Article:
Who is at Risk of Addiction to Prescription Medication?

Studying the incidence of addiction does show certain risk factors;

 

 

  • History of addiction, including other substances such as alcohol.
  • History of mental health issues / psychiatric conditions.
  • Family history of addiction or substance abuse.
  • Exposure to drug users in a peer group or family.
  • Poor education on drug risks.

How Can I Reduce my Risks of Addiction to Prescription Medication?

It is very important that you take the medication that is prescribed to you. Not taking a drug because of fears of addiction is risky in itself. Instead, talk to the medical professional who has prescribed the medication so that you fully understand why you need the medicine and how you can reduce the risks. The best way to minimize the risks is to take the medication exactly as directed, and for only as long as your doctor says you need it.

hands of doctor prescribing medicine to patient

Treatment for Addiction to Prescription Medications

It can be very hard for people who are suffering from prescription drug addiction to seek help. There is a strong tendency for people to hide the problem because they are afraid of the recovery process, or they don’t feel able to admit there is a problem. Treatment for this addiction comes down to two important elements; medication that helps with the side effects of withdrawal and behavioral therapy, which helps deal with the addiction’s underlying contributing factors and helps the sufferer understand the problem and build up strategic coping mechanisms. Coping techniques may include management of drug cravings, changing thought patterns, and developing strategies to avoid or reduce exposure to situations that may lead to drug use.

The Importance of a Support Network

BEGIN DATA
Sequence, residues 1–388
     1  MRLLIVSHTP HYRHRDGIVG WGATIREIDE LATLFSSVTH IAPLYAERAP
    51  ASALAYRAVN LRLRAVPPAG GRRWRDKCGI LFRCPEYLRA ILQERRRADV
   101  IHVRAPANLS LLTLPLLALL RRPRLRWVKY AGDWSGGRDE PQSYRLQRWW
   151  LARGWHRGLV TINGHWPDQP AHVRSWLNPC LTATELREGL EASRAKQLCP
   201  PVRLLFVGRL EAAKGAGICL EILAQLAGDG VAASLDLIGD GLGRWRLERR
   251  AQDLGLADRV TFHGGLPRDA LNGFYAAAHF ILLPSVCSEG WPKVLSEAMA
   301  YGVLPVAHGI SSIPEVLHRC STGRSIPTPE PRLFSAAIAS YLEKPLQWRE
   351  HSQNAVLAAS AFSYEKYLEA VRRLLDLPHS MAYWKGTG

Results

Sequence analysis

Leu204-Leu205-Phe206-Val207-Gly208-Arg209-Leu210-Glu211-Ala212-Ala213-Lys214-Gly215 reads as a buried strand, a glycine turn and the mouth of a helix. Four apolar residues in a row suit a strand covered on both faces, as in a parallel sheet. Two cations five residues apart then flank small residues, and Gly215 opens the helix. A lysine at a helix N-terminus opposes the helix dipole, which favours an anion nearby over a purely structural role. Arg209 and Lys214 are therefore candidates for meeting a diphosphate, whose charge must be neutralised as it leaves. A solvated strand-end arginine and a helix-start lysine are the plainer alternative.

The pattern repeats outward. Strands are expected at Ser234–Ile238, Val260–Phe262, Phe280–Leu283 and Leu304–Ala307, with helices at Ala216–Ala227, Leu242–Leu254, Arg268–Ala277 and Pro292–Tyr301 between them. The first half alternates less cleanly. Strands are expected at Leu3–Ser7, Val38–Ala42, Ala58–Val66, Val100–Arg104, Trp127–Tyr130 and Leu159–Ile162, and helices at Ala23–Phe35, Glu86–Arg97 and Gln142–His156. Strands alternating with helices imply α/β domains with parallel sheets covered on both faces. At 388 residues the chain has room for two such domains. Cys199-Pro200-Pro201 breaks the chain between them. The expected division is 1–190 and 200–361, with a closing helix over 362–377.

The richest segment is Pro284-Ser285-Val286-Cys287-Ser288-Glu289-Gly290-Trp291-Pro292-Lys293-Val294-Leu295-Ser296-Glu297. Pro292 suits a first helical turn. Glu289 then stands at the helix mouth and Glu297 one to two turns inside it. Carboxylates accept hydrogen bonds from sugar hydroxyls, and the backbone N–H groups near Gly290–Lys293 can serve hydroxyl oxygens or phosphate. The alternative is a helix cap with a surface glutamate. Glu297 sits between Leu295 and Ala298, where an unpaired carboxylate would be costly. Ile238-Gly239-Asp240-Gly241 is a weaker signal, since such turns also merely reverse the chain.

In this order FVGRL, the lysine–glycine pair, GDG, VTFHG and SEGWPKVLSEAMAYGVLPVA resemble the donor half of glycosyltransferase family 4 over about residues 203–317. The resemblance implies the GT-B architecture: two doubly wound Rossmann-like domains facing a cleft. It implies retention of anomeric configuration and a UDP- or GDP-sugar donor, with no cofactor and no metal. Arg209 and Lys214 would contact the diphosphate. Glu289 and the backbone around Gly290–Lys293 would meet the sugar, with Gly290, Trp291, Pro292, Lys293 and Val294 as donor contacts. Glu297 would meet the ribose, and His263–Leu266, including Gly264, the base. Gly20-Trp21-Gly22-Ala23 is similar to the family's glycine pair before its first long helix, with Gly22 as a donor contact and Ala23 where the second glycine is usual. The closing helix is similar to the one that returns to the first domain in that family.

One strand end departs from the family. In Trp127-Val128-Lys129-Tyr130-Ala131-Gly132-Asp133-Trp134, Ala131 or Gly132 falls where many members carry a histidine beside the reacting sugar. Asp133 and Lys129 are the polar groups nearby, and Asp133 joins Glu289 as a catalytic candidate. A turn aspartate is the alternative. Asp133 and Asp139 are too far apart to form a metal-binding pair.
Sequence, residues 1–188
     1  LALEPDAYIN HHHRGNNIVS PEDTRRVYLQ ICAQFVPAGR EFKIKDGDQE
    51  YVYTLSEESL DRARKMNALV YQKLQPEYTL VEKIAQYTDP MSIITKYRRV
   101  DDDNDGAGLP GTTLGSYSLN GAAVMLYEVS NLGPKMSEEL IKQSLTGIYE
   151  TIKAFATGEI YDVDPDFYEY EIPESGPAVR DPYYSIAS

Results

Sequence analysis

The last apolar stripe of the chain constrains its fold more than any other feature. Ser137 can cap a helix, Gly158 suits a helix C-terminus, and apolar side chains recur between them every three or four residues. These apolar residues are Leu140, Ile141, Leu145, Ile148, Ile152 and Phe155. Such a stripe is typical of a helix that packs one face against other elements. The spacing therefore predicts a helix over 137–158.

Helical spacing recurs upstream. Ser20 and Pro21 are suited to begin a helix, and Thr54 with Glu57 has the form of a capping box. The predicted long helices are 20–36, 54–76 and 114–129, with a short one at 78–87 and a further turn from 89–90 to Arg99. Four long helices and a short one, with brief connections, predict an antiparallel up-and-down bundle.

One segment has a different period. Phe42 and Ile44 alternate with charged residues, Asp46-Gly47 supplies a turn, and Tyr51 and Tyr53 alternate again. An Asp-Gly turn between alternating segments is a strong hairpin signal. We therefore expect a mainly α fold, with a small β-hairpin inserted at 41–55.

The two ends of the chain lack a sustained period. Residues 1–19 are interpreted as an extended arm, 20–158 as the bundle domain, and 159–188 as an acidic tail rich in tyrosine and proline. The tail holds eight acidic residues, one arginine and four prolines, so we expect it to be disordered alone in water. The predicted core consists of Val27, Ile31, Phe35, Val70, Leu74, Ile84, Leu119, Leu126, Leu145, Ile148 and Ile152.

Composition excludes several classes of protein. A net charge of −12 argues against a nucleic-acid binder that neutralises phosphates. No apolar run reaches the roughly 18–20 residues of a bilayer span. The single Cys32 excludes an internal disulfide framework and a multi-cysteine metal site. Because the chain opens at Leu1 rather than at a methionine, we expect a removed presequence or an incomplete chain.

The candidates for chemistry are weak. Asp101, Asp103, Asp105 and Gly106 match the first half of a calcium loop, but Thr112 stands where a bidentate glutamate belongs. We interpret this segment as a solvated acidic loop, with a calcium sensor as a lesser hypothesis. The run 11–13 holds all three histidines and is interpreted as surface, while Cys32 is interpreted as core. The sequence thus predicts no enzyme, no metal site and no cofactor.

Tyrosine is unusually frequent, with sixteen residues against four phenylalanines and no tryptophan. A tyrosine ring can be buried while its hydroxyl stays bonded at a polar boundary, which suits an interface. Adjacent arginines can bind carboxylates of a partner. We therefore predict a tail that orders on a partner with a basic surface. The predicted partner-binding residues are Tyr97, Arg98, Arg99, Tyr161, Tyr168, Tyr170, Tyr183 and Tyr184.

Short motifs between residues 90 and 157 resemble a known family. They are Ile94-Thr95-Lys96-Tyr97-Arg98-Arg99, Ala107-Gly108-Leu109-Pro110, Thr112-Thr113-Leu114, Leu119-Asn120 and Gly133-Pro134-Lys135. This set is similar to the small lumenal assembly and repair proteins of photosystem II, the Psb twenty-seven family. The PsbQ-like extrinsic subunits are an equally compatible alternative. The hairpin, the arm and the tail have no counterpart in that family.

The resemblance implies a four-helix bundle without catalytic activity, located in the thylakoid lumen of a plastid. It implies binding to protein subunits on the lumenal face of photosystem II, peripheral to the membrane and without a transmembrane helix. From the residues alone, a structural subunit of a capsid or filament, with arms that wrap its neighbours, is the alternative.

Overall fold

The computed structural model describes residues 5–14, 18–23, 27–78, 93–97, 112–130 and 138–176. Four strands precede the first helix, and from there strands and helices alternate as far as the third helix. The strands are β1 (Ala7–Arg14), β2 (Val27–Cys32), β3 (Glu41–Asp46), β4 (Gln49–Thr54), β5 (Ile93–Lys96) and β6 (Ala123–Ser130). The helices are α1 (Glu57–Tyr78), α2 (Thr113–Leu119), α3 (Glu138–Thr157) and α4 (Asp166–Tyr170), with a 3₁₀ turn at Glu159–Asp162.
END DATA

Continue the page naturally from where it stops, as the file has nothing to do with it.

Man and woman hugging at support group

The Importance of a Support Network

A support network is essential for recovery from any addiction, and addiction to prescription medications is no different. Whether this support comes from family members or friends or a team of professionals, it is important for the recovery process that the sufferer has support. Group therapy, support groups, set up to help people addicted to prescription drugs, and help in the form of online communities and telephone counseling can all be an important part of the recovery process. People who have suffered from addiction are at risk of relapse, so ongoing support is an excellent way to prevent this. The recovery process is very different for each individual. There is no set recovery time or procedure; it is so important that each case is treated individually according to the patient’s unique needs.

If you are concerned about your use of prescription or non-prescription drugs, or you are worried about someone you know, then seek help from your doctor or contact an addiction support charity or helpline. For more information, see the National Institute on Drug Abuse.